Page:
Samsung PN50B550 Plasma 1080p HDTV - First Look, Setup and Installation

Article Index
Samsung PN50B550 Plasma 1080p HDTV
First Look, Setup and Installation
Subjective and Objective Tests
Viewing Angle, General Usage and More

First Look:

I'll be honest, the 50" Plasma from Samsung is nothing really ground-breaking in terms of looks.  It looks like most other Samsung TVs and my only concern is the stand that supports the TV by a acrylic pillar.  It does swivel though and that is a good thing if you have the TV set on a stand perpendicular to a wall and want to angle the TV for better viewing.  The back of the TV is quite well ventilated and contains a lot of ports that we'll look at in a minute.

 Unboxed
Unboxed
Rear View
Rear View

 

The ports are located on the rear of the unit as well as along the left side (when facing the TV).  They include almost everything you'll ever need - including 4x HDMI ports.  You can connect non-HDMI devices through the VGA connector or the 2x Component inputs on the rear.  One of these can double as a straight up composite input as well.  The PN50B550 is not merely a plasma monitor; it also has a TV tuner for those of you that are still trying to get analog signals into your TV.  On the side of the TV we find the fourth HDMI port, a USB port and a regular set of composite inputs.

 Rear Ports
Rear Ports
Side Ports
Side Ports

 

While we're on the subject of hooking things up and cables, I highly recommend that you check out monoprice.com if you haven't already.  Independent tests show that their HDMI cables - of any length - have identical quality to overpriced cables such as the monster, and it can save you $500 easily.  It is important to note that if you are hooking up a computer from a DVI port, you'll need to use HDMI 2, and the appropriate audio cables to make things work seamlessly.  Other than that, it's pretty much a no-brainer.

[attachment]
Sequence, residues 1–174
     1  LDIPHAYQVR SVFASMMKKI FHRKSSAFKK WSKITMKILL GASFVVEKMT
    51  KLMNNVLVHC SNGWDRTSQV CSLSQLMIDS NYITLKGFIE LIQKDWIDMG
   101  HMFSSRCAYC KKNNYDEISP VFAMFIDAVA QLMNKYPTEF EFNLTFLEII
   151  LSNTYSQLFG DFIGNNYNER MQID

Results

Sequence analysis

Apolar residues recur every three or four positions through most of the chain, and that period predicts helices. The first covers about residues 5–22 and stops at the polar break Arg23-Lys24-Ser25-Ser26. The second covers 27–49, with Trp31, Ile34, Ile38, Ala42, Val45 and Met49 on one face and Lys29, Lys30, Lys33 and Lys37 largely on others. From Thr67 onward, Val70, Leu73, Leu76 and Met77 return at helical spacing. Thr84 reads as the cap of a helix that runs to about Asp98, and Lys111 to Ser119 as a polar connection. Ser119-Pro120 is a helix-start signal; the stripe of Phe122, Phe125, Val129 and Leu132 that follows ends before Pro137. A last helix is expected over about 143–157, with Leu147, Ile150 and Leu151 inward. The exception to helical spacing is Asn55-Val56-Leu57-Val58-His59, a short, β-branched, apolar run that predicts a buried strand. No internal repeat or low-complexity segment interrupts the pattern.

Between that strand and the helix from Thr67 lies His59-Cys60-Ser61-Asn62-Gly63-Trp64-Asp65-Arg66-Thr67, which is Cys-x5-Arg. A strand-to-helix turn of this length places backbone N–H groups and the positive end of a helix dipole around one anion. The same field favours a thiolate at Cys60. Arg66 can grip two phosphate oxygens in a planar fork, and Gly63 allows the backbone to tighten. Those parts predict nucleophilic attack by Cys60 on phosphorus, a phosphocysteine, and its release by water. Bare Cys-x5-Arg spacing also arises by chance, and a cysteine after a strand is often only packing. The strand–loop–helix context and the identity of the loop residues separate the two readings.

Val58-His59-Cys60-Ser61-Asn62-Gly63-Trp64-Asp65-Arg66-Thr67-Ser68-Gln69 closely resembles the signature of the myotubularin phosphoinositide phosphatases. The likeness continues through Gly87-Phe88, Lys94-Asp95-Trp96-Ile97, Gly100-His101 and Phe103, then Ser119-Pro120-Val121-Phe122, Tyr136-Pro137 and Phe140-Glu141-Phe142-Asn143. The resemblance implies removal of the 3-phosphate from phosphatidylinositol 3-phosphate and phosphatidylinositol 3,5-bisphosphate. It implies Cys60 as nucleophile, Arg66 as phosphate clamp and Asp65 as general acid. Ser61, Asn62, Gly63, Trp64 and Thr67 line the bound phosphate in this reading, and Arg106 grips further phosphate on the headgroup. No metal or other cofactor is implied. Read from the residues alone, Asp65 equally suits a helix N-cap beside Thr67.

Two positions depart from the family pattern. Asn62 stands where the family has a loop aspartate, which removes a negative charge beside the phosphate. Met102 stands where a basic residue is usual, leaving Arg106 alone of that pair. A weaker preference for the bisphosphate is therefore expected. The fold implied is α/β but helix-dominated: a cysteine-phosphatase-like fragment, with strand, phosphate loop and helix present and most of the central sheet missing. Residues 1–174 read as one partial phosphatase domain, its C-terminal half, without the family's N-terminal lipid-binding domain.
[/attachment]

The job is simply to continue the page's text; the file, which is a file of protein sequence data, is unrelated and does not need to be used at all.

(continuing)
TV Menus:

Although the TV picture and audio seem to work very good out of the box, there are a lot of settings that allow you to tweak, mess, and possibly degrade your picture quality.  Samsung has included several pre-defined settings that control both audio and video settings.  For example, "Sports" mode boosts the saturation and brightness while "Cinema" drops the color to a more neutral tone and the brightness dims for a better viewing experience in a darkened room.

As the menu was pretty boring this time around, I didn't include pictures of them.  The only thing that really interested me was the Dynamic contrast ration level.  It appeared to make a bit of a difference, but we'll take more about that when we test this large TV.